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Why Fresh Pineapple Inhibits Gelatin Salads
(And Why We Like Top Chef so Much!)

 Why can't fresh pineapple be used in a gelatin-based salad? What must be used instead, and why?

 If you're going to get us started on Top Chef, you can expect an earful on the crazy stunts this television show puts contestants through that have little or nothing to do with determining who is a really good cook. But what kills us even more is when the judges — at least some of whom are well-respected food professionals — screw up on fundamental cooking points. In one episode in which the hapless contestants were to make a "healthful" main course, a contestant who made a lobster dish was mocked, scorned, and sent home because a nameless judge (who no longer teaches sloppy straight guys how to cook) went on and on about how much cholesterol lobster has and what a terrible choice it is for "healthy" cooking. Wrong. Wrong. Wrong! Lobster is a wonderful lowfat meat that has no more cholesterol than a skinned chicken breast, and way less than any red meat.

What does this rant have to do with your pineapple question, you timidly ask? On another watch-the-pathetic-monkeys-jump-though-insane-cooking-hoops episode of Top Chef, one woman tried to make a pineapple-gelatin dessert, and wondered again and again why it did not set up. It was discussed at length when she was badgered by the all-knowing judges. But did the restaurant chef judge, the food magazine editor judge, the takes-herself-way-too-seriously-but pretty host judge, or the no-longer-teaching-sloppy-straight-guys-to-cook judge ever once say, "everyone in the whole cooking universe knows that fresh pineapple contains an enzyme that prevents gelatin from setting up?" No they did not. They just talked about what a failure it was. Duh!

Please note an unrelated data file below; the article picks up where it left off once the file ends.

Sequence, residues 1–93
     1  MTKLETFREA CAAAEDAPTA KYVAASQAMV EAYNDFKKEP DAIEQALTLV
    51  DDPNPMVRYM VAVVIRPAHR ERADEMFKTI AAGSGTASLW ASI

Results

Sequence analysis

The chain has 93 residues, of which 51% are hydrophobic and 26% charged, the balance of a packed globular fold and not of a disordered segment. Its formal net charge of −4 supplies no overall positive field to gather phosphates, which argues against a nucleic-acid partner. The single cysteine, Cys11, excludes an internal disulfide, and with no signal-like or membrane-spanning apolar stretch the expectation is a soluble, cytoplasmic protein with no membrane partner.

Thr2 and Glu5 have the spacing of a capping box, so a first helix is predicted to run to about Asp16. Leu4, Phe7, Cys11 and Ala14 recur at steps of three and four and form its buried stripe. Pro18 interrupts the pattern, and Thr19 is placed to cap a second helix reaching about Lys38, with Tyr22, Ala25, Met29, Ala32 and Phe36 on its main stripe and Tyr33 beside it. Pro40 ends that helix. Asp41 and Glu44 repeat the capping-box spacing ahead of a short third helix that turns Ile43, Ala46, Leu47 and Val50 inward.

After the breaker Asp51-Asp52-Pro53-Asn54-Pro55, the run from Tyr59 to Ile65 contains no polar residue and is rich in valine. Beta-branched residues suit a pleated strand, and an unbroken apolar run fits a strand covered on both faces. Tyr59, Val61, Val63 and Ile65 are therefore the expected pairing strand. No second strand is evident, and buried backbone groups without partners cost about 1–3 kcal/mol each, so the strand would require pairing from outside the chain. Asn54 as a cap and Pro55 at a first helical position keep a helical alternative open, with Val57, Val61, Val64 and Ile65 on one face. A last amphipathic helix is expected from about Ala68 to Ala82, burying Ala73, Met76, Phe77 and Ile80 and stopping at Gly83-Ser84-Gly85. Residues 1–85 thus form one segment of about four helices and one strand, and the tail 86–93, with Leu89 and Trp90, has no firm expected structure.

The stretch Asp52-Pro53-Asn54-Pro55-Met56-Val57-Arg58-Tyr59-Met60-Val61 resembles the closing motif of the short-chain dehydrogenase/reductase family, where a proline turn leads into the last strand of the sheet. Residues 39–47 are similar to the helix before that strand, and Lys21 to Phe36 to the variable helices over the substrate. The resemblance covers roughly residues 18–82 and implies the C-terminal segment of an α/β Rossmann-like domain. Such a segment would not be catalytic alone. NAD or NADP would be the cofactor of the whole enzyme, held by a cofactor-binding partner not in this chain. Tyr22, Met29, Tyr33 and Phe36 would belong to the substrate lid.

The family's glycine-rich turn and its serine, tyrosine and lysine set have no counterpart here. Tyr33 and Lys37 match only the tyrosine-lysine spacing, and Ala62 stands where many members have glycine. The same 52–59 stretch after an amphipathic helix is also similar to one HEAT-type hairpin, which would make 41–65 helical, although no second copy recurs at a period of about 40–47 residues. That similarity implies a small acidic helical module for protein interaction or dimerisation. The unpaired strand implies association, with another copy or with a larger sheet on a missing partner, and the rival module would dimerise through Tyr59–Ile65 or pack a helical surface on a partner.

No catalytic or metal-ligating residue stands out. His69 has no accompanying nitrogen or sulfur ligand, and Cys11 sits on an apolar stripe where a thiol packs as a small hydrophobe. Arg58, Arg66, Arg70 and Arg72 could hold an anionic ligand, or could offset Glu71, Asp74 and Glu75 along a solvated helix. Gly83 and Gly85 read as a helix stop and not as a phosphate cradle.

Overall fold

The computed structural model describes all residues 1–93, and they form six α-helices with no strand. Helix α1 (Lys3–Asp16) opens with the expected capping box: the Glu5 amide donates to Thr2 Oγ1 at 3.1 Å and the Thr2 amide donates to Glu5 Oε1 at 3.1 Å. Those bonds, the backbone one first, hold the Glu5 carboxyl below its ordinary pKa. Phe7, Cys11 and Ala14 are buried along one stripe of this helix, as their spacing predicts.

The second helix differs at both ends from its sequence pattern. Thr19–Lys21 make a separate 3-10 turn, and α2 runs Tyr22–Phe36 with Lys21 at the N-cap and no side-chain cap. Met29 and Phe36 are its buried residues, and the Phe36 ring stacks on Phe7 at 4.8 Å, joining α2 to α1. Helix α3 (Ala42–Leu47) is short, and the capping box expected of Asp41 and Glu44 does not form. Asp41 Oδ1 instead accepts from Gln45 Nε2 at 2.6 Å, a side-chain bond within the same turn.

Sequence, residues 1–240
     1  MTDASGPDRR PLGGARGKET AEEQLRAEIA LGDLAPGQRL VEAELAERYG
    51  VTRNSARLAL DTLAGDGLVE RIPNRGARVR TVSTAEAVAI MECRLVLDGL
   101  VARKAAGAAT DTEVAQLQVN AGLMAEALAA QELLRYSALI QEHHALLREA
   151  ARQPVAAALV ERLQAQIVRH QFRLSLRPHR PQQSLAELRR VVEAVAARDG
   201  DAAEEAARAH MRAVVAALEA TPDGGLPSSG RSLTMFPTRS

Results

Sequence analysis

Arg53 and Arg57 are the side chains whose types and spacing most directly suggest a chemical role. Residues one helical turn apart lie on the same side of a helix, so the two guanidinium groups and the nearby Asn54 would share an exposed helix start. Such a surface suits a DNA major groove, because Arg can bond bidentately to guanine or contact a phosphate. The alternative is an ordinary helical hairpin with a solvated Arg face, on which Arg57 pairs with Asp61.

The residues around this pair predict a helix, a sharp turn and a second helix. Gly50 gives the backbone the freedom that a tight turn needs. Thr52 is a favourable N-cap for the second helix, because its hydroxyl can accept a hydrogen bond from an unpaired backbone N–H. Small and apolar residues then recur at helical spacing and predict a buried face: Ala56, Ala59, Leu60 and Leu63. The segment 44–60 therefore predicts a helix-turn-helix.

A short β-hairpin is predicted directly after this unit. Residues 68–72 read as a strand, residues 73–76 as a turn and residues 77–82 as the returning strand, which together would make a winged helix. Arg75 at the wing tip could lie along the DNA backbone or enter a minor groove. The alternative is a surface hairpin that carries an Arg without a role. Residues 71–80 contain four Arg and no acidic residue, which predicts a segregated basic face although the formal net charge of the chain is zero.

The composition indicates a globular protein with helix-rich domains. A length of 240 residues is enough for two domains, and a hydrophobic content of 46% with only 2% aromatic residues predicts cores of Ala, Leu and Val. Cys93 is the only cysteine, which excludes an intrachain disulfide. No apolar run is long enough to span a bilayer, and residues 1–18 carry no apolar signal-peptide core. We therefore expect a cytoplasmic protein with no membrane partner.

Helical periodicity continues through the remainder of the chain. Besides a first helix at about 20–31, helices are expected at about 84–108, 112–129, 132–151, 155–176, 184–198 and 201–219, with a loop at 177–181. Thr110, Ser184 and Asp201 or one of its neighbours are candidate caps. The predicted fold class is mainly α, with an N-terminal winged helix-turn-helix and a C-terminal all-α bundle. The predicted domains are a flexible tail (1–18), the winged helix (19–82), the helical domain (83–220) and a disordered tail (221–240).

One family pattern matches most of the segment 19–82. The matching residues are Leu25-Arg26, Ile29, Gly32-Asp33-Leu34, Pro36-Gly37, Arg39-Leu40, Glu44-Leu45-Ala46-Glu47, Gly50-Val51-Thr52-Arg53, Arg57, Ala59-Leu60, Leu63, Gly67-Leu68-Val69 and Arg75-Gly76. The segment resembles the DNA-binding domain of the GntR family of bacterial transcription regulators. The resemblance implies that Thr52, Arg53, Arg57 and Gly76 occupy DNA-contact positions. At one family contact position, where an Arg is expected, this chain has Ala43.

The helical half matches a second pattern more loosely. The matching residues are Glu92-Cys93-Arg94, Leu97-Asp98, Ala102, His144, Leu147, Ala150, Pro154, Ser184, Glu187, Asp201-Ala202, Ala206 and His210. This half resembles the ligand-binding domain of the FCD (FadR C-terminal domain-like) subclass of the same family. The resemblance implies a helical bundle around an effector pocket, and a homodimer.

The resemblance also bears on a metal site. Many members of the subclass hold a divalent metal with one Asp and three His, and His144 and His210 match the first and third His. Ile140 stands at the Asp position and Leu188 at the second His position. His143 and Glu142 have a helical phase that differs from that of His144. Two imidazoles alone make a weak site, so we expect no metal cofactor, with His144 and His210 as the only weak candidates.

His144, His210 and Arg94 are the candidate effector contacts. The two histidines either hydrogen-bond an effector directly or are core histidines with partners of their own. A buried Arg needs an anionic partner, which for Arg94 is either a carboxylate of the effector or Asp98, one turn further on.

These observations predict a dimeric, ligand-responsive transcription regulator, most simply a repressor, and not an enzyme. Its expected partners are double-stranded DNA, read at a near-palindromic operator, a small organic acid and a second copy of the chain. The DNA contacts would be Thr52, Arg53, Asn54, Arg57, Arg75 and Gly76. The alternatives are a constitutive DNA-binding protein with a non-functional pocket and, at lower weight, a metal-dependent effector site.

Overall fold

Fresh pineapple contains an enzyme that prevents gelatin from setting up (so do kiwi, papaya, and melons). If you want to use pineapple with gelatin, you use canned pineapple, because pasteurization during the canning process deactivates the pesky enzyme. You can also cook pineapple to kill the enzyme, but it will no longer be firm.

Come on, Top Chef, if you're going to put drama-queen, bitter, borderline-anti-social, and intensely profane cooks through whack-job cooking tasks — and pretend that it's something to be taken seriously — at least get your facts straight!

We don't want to go too far out on a limb, but we fully expect the new season of Top Chef to have contestants cooking a three-course meal in the galley of a motorhome that is chasing tornadoes in the Midwest, serving a flambéed dessert to a tired but successful rescue party near the summit of Mt. Rainer, and producing a multi-cultural fondue feast for mid-level officials from the United Nations in the little boats in Disney World's It's a Small, Small World exhibit. Now that's how you find a top chef!

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